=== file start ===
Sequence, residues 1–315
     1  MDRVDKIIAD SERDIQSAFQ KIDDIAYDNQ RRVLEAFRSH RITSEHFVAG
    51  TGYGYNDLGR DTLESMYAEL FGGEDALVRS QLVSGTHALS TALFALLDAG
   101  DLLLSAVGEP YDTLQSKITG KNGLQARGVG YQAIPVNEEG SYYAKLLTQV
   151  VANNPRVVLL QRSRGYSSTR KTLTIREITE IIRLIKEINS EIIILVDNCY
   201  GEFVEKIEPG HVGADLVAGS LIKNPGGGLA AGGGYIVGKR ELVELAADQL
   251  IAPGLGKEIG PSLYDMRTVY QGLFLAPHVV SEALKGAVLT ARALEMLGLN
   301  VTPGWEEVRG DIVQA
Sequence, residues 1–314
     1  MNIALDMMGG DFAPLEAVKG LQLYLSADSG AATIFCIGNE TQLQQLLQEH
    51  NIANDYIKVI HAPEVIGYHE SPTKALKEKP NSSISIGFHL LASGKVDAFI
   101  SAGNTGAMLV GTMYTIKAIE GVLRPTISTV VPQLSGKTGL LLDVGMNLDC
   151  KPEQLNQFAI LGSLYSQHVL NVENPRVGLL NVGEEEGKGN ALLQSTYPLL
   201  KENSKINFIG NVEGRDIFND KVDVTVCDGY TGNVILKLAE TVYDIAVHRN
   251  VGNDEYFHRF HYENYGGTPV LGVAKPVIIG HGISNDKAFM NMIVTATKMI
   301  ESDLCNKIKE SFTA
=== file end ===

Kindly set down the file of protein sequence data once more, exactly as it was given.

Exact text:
Sequence, residues 1–315
     1  MDRVDKIIAD SERDIQSAFQ KIDDIAYDNQ RRVLEAFRSH RITSEHFVAG
    51  TGYGYNDLGR DTLESMYAEL FGGEDALVRS QLVSGTHALS TALFALLDAG
   101  DLLLSAVGEP YDTLQSKITG KNGLQARGVG YQAIPVNEEG SYYAKLLTQV
   151  VANNPRVVLL QRSRGYSSTR KTLTIREITE IIRLIKEINS EIIILVDNCY
   201  GEFVEKIEPG HVGADLVAGS LIKNPGGGLA AGGGYIVGKR ELVELAADQL
   251  IAPGLGKEIG PSLYDMRTVY QGLFLAPHVV SEALKGAVLT ARALEMLGLN
   301  VTPGWEEVRG DIVQA
Sequence, residues 1–314
     1  MNIALDMMGG DFAPLEAVKG LQLYLSADSG AATIFCIGNE TQLQQLLQEH
    51  NIANDYIKVI HAPEVIGYHE SPTKALKEKP NSSISIGFHL LASGKVDAFI
   101  SAGNTGAMLV GTMYTIKAIE GVLRPTISTV VPQLSGKTGL LLDVGMNLDC
   151  KPEQLNQFAI LGSLYSQHVL NVENPRVGLL NVGEEEGKGN ALLQSTYPLL
   201  KENSKINFIG NVEGRDIFND KVDVTVCDGY TGNVILKLAE TVYDIAVHRN
   251  VGNDEYFHRF HYENYGGTPV LGVAKPVIIG HGISNDKAFM NMIVTATKMI
   301  ESDLCNKIKE SFTA